ISSA Proceedings 2006 – Perelman’s Vision: Argumentation Schemes As Examples Of Generic Conceptualization In Everyday Reasoning Practices
1. Background considerations
In The New Rhetoric (Perelman and Olbrechts-Tyteca 1969), argumentation schemes are observed as effective techniques of persuasion by seeking and establishing agreement among interlocutors regarding the acceptability of the argumentative process. Such agreement-seeking is in accord with the speaker’s orientation at prospective perlocutionary effects to be achieved in the hearer. This very orientation lies in the heart of the psychological faculty of mental-state-attribution too, whose manifestation is the intentional nature of mental events and the intentional relations constituting human communication (cf. Dennett 1987, Komlósi 1996). Argument schemes are considered to be complex mental entities whose validity domains are enlarged by a set of potential adjoining propositions often inducing implicational consequences for sound reasoning. The paper attempts to show that the interplay of these observed faculties inherently contributes to the achievement of agreement among the audience in matters of soundness and acceptability of arguments. It is claimed in my approach to everyday reasoning practices that the intentional orientation inherent in the argumentative schemes ought to be treated as a meta-discursive parameter.
The paper provides fundamental support from contemporary studies of the types of mental operations in dynamic meaning construction in ordinary language use and sets out to apply those mechanisms to argumentation and reasoning practices (see earlier research in Komlósi 2002, 2003, 2006b, Komlósi & Knipf 2005). A central claim of the paper concerns the occurrence of these dynamic mental processes at very different levels and varying complexity of meaning construction: at the levels of lexical construction, conceptual construction, conversation and argument construction alike. The argumentation techniques in the New Rhetoric rest on two principles: association and dissociation. Association consists in unifying elements into a single whole by bringing together elements which previously were regarded as separate. Dissociation consists in letting existing wholes disintegrate by separating elements previously regarded as units.
After an initial analysis of the nature of premises (both explicit and intended ones), the paper distinguishes presumptions (that show audience agreement) and assumptions (that show lack of audience agreement and are in need of further negotiation and confirmation) in order to provide for a case study of presumptive arguments. The main objective of the analysis, however, is to render underlying mental operations widely studied in cognitive disciplines (such as categorization, mapping, selective projection, detachment, association, compression, substitution, counterfactual reasoning, conceptual blending and conceptual integration) to reasoning practices and propose appropriate applications of these mental operations to the study of argumentation, especially argumentation schemes. Observing and acknowledging the mechanisms of integrating various mental spaces (or alternatively conceptual domains) in our everyday mental activities, the paper provides further confirmative evidence for Perelman’s original classification of argumentation schemes (one type producing argumentation based on the structure of reality, another type producing argumentation establishing the structure of reality) with the help of the conceptual apparatus of fit between mental models and reality. Association and dissociation constituting argumentation schemes are regarded as complementary mechanisms (with integrative – disintegrative – reintegrative moves) allowing for flexible and dynamic argument evaluation.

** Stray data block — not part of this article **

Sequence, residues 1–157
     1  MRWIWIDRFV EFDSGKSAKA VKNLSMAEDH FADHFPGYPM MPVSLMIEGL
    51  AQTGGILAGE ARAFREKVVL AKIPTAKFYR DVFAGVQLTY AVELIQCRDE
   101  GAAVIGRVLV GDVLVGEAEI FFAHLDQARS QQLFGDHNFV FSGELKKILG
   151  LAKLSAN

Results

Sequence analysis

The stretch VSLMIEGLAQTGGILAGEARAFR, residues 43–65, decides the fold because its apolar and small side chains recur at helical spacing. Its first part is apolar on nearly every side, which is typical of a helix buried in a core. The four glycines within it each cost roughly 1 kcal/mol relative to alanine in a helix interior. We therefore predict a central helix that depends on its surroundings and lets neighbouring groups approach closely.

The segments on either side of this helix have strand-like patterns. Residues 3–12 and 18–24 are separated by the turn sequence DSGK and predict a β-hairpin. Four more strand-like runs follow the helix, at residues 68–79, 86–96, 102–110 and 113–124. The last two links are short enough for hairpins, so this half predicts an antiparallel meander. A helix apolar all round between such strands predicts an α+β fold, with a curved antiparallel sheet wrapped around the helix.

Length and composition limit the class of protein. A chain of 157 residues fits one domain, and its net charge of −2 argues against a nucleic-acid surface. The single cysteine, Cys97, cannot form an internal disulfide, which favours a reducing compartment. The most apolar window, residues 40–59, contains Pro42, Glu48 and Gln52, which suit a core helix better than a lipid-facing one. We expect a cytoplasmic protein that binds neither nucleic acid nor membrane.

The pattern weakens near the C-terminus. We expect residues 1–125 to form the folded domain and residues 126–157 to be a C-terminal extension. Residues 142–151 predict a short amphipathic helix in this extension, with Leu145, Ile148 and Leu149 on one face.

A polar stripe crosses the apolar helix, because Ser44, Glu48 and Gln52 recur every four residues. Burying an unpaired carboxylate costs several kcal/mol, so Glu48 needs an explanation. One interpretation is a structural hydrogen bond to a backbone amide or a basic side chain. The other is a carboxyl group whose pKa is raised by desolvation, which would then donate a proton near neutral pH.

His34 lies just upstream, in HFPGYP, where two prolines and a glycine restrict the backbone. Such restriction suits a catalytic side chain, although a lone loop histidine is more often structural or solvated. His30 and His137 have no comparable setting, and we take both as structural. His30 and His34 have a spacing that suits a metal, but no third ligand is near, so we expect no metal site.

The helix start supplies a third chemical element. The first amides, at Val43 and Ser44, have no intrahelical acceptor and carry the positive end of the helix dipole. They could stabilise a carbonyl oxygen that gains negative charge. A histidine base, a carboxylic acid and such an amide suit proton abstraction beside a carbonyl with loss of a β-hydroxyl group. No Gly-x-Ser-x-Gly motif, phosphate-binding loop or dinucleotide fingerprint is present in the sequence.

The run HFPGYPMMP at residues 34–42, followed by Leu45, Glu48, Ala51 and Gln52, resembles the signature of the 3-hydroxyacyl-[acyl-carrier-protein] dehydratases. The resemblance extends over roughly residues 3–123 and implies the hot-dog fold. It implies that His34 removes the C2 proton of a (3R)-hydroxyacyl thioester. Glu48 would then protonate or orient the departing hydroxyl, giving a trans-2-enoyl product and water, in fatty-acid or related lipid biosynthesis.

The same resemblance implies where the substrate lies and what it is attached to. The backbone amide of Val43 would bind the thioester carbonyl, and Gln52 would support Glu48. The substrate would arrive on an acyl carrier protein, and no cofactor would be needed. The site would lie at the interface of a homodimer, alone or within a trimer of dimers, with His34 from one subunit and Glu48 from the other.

2. Argumentation schemes in reasoning
My interest in studying argumentation schemes increased beyond expectation when I started to realize what a potential the concept of argument scheme revealing the internal relationships within an argument may have for everyday reasoning practices and rational argumentative discourse. It was held for at least a quarter of a century that what The New Rhetoric by Perelman and Olbrechts-Tyteca (1958, 1969) proposed was that argumentation schemes should be observed as effective techniques of persuasion by seeking and establishing agreement among interlocutors regarding the acceptability of the argumentative process. It also offered the taxonomy of argumentation schemes by introducing a level of abstraction to provide for a guideline in understanding the logical ways responsible for the internal combinatorial arrangements of premises inside a single argument, as opposed to argumentation structure that describes the external organization of the various arguments, i.e. the composition of the argument as a whole. However, it is important to see that the situation is more delicate and the phenomenon of argumentation schemes is much more complex: argumentation schemes ought to be conceived of as having a much more challenging nature and a much more complex function than just the taxonomic one (cf. Komlósi 2006a). The revised view on the status of argument schemes appeared in the formulation of (van Eemeren, Grootendorst, Snoeck Henkemans et alii, 1996, p. 19.) as follows: